Third way and the third world: Poverty Reduction and Social Inclusion in the rise of ‘inclusive’ liberalism

Doug Porter and David Craig: 

In the wake of frank neo-liberalism, and in the context of rising security fears, ways are being found to provide market liberalism with a more inclusive face. The Poverty Reduction Strategies currently prominent in international development, and Thirdway OECD ‘Social Inclusion’ policy frames claim common purpose to promote ‘opportunity, empowerment and security’ for people and places on the peripheries of global economies and societies. They share commitments to global economic integration and openness, market led growth, ‘good’ and ‘joined up’ governance, local and social partnerships, and wide-ranging activation of ‘capacities’. But the high rhetorical aspirations of liberalism to social ‘inclusivity’ have so far overreached empirical gains for the poor. Drawing on developing country examples of Poverty Reduction Strategy and public policy in New Zealand’s current Labour government, this paper sketches salient features of ‘inclusive’ liberalism. It critically examines its status as a Polanyian turn within a wider liberal project, which seeks to re-embed and legitimate a liberal social and economic order.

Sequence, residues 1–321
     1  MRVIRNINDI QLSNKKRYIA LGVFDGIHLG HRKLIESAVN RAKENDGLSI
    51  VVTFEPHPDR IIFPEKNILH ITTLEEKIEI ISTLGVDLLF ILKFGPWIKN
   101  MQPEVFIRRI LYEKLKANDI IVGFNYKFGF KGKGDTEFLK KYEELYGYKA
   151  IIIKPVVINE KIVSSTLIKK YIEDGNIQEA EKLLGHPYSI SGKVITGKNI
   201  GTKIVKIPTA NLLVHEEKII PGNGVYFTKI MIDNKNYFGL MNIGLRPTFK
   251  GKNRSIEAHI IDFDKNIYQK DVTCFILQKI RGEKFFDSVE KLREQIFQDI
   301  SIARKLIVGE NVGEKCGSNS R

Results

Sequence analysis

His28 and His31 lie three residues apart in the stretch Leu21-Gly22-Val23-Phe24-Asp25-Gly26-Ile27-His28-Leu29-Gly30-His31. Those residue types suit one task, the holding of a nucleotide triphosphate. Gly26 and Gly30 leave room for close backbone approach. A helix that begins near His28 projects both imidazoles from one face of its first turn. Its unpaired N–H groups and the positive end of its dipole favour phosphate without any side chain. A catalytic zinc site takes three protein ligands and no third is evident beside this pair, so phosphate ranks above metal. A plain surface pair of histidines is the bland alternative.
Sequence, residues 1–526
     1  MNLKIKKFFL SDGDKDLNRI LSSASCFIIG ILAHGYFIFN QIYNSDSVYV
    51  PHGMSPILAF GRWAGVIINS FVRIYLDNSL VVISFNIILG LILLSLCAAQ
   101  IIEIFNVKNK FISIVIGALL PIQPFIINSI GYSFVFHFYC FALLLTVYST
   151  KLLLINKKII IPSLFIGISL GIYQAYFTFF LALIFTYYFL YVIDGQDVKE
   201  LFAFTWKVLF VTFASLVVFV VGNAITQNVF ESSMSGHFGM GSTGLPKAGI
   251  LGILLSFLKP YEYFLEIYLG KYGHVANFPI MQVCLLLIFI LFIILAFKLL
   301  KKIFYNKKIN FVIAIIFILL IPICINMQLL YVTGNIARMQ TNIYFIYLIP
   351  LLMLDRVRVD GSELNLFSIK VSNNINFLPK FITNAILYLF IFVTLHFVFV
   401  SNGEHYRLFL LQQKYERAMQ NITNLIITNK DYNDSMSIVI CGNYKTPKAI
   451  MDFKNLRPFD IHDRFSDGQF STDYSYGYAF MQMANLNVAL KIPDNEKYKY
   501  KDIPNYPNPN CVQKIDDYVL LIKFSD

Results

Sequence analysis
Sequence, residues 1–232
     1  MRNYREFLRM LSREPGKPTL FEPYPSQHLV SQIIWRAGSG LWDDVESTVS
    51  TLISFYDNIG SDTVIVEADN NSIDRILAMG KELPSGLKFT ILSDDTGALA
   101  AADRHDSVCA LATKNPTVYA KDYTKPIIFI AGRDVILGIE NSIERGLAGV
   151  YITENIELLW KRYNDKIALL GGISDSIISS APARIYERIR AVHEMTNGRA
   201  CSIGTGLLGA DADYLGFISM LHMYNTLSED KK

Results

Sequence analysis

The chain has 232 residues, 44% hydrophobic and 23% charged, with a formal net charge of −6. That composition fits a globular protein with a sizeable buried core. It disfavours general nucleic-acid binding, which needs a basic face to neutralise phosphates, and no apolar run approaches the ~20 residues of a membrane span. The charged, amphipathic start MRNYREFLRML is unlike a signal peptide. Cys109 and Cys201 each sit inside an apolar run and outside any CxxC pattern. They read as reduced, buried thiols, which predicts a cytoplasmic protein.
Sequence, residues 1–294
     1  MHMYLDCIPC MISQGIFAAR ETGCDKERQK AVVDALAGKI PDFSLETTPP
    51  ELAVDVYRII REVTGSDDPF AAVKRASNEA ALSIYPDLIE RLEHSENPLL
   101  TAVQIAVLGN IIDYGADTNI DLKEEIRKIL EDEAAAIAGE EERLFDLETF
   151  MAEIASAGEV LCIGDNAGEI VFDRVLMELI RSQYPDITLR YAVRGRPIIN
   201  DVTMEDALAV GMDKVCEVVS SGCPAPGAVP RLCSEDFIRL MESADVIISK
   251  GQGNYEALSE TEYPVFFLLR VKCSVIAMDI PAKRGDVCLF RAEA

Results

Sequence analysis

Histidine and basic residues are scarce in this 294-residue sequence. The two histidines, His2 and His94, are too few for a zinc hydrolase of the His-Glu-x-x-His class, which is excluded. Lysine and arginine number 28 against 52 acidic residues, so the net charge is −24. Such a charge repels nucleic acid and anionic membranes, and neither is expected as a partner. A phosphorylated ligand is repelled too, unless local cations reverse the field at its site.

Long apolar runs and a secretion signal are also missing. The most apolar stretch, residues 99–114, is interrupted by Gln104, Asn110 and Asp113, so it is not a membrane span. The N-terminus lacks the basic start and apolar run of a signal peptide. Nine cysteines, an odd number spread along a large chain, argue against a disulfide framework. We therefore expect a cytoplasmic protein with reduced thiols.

View article at Review of International Political Economy





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